It can sometimes seem as though SEO is an impossible task. Trying to get all the various aspects of SEO on your site to marry together can be a real challenge. Anyone who has tried optimizing their site for SEO will have found that getting right is something of a balancing act. When starting out with SEO, one of the most important things is to take things step-by-step. SEO is a long-term commitment. But there are some quick wins – like optimizing your title meta tag.
A title meta tag is the element of HTML that names each web page. If you’ve ever searched Google, you’ll have seen title meta tags in your search results. The title meta tag is the blue text at the top of each result that tells you what the page is about.
Now, stop for a moment and think how you react when you see that list of title meta tags. If you’re like any other typical search engine user, you scan the top few results for the title meta tag that best matches your search term. So, the title meta tag needs to concisely describe the content of the target web page.
Web designers talk about how to make your site visually appealing and guide users through it. Content writers talk about using keywords to get noticed by search engines. A good title meta tag has to be both eye-catching and optimized to attract the attention of search engine crawler bots.
It cannot be stressed strongly enough how significant title meta tags are to SEO success. If it is clear and concise, search engine crawlers will rank it highly. If it then grabs the users' attention, it increases traffic to your site. Only then can your site start working its sales magic.
Google doesn’t provide a guide for optimum length, and its crawler bots will read the whole thing regardless of how long it is. But remember, your title meta tag must be written for search engines and users.
When writing your title meta tag, it’s important to consider your audience. Around 60% of internet searches are done using a mobile. This is critical as you want your title meta tag to be displayed in its entirety. For a long time, it was considered that a maximum of 70 characters should be used in a title meta tag. But Google reads it in pixels, not characters. So, with the shift towards mobile searches, it’s now suggested that you keep your title meta tag to a maximum of 60 characters.
In an ideal world, your title meta tag will match the headline for the web page it directs users to. After all, it should be the page they are looking for. A page headline that is not consistent with the title meta tag is likely to result in users leaving your site quickly and indicating to search engines that your site was not relevant to the search. This will penalize you in terms of SEO, so is counterproductive.
If your headline is more than 6 characters in length, you will need to condense it down for the purposes of the SERPs. When doing so, think about the search terms that people looking for that page are going to type into Google.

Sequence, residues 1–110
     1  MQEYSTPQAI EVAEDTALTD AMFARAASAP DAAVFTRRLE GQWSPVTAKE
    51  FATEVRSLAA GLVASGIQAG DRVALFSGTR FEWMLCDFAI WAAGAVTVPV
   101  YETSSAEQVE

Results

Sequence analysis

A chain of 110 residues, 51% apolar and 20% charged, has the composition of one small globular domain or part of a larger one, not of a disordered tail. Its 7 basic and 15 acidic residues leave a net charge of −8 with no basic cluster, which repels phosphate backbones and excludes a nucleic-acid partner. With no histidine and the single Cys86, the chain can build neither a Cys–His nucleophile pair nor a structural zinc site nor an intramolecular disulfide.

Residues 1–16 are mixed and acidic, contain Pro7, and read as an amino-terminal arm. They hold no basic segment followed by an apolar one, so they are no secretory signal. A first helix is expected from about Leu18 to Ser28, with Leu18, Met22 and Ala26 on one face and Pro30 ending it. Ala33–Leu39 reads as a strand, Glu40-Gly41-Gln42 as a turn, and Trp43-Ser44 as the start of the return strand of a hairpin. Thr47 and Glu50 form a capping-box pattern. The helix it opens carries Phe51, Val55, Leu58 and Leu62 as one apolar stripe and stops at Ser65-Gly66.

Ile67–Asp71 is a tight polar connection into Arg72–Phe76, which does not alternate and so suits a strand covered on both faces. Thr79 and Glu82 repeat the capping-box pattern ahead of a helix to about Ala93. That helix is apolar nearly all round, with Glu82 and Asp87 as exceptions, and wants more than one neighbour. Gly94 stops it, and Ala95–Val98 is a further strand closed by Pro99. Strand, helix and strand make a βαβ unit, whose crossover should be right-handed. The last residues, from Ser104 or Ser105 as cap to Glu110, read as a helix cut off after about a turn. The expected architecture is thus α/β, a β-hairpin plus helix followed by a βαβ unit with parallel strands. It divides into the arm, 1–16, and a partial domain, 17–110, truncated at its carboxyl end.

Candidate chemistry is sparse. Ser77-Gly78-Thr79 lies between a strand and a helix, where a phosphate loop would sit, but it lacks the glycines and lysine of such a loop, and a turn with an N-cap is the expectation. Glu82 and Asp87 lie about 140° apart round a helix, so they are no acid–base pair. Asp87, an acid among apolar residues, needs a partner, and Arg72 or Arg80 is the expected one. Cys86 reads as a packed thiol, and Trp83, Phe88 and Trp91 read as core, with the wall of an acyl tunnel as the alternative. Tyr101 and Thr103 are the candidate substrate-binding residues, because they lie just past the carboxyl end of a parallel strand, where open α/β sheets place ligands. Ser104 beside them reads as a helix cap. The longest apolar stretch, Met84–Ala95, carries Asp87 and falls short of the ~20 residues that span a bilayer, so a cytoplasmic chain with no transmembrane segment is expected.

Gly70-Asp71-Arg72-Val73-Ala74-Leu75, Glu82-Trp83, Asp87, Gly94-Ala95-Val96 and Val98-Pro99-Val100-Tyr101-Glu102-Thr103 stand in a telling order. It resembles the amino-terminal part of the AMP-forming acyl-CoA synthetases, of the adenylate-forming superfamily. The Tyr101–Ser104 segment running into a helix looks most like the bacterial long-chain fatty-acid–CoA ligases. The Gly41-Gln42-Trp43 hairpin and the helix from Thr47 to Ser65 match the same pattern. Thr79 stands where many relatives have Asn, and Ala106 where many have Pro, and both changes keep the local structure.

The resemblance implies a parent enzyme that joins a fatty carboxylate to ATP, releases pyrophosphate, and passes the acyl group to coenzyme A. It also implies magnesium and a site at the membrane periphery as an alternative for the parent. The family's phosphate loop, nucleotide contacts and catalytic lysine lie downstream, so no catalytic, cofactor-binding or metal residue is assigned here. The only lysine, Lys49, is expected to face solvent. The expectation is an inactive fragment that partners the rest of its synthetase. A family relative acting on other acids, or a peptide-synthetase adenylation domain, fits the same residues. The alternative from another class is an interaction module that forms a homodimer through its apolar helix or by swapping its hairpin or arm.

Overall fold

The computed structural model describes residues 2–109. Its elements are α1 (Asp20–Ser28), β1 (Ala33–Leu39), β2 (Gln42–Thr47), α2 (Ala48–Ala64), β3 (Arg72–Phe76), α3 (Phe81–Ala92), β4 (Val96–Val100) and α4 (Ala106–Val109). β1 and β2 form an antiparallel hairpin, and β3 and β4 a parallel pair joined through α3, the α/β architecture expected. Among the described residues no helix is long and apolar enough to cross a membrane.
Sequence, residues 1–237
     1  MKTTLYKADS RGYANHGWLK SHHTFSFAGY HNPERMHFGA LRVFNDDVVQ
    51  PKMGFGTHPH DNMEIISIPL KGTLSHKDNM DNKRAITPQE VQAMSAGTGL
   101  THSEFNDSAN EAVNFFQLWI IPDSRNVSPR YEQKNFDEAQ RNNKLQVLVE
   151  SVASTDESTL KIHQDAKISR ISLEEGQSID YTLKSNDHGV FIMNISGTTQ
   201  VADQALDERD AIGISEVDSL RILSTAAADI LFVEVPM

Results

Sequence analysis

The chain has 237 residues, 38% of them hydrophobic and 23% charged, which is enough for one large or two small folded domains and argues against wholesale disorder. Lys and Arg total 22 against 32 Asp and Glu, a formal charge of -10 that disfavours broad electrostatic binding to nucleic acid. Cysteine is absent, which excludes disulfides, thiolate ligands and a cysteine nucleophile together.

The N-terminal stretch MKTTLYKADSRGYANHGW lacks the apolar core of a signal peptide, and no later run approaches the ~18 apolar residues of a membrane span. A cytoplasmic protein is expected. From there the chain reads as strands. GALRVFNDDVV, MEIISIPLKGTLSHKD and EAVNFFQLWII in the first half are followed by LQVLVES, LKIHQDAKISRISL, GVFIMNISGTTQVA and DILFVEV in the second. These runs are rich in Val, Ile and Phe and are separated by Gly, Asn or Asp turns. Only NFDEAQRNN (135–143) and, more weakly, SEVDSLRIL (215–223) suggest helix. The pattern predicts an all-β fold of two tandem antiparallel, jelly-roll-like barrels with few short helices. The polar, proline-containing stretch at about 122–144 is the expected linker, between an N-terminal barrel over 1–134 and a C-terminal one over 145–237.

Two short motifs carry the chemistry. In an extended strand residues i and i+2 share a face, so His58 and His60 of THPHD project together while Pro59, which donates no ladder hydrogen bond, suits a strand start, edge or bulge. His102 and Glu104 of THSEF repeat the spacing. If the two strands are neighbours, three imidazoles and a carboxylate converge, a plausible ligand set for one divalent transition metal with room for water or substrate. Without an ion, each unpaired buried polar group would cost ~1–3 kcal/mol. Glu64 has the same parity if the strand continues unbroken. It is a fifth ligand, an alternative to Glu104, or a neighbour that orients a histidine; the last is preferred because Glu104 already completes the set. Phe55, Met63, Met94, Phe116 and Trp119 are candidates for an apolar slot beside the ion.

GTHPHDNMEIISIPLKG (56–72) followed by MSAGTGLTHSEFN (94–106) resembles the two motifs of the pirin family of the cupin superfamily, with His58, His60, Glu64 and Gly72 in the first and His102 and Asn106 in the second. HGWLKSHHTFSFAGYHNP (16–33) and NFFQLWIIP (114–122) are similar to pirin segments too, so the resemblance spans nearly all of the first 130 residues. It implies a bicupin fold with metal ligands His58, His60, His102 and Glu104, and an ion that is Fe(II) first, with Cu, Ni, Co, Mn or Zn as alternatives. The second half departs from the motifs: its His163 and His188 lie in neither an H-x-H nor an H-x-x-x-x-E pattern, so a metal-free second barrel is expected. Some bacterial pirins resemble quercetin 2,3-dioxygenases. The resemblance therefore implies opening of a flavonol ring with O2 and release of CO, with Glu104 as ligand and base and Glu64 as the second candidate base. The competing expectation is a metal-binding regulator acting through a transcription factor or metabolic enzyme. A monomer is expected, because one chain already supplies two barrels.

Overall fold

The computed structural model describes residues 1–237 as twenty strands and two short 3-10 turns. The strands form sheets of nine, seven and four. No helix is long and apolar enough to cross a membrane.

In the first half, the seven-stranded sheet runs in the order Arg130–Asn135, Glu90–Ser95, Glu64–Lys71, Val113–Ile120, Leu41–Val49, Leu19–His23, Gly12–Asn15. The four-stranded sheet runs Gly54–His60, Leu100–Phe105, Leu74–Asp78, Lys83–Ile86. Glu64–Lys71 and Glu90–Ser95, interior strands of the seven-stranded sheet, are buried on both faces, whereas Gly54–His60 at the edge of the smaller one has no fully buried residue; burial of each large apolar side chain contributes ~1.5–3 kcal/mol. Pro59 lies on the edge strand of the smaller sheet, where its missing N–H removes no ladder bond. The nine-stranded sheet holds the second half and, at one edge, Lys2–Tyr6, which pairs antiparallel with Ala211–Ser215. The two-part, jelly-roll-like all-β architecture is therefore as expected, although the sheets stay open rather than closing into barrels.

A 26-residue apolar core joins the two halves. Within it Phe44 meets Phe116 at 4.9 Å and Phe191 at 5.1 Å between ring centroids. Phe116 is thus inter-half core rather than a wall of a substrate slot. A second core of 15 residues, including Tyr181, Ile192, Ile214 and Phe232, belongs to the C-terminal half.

Your main keyword must be displayed in the title meta tag, but you also need to provide a clearer idea of what your web page is about and try to appeal to those searches most likely to want your product or service.
Ideally, your main keyword should appear towards the beginning of your title meta tag. This isn’t essential, and your priority should be ensuring that your title meta tag is included organically. Search engines and users are wise to keywords that have just been thrown in – and neither view this practice fondly.
Your title meta tag is not there to trick people into clicking on your site. That would result in nothing more than a high bounce rate. A title meta tag should be written in such a way that it catches the eye of users searching for your product or service so that it attracts the right visitors.
Title meta tags are a valuable tool for small businesses when it comes to local SEO or headlining your niche. For example, if you are an online bookseller, a lot of the generic search engine terms in your industry are going to lead to SERPs that include Amazon and other major online book retailers. If your specialism is books about Ancient Roman recipes, including that term in your title meta tag may not see you rank highly in SERPs for ‘online books’, but this doesn’t matter as you were never going to rank higher than Amazon for that search term anyway. But users searching for ‘Ancient Roman recipe books’ (in other words, the visitors you want to attract) will find you.
Likewise, the pool of SERPs for local SEO is small, and it’s important to capitalize on this by making it clear where you are based (or the area you cover) and the service you provide.
Your title meta tag is one of the most significant factors of your SEO strategy and is an easy win. If each title meta tag accurately describes the page it represents, search engines are more likely to include it in SERPs. Optimizing your title meta tag is a great way to gain an edge on your competitors and increase the proportion of your target audience that visits your site.
For details of how to find your existing title meta tag and update it if necessary, check out our Search Engine Optimization Guide.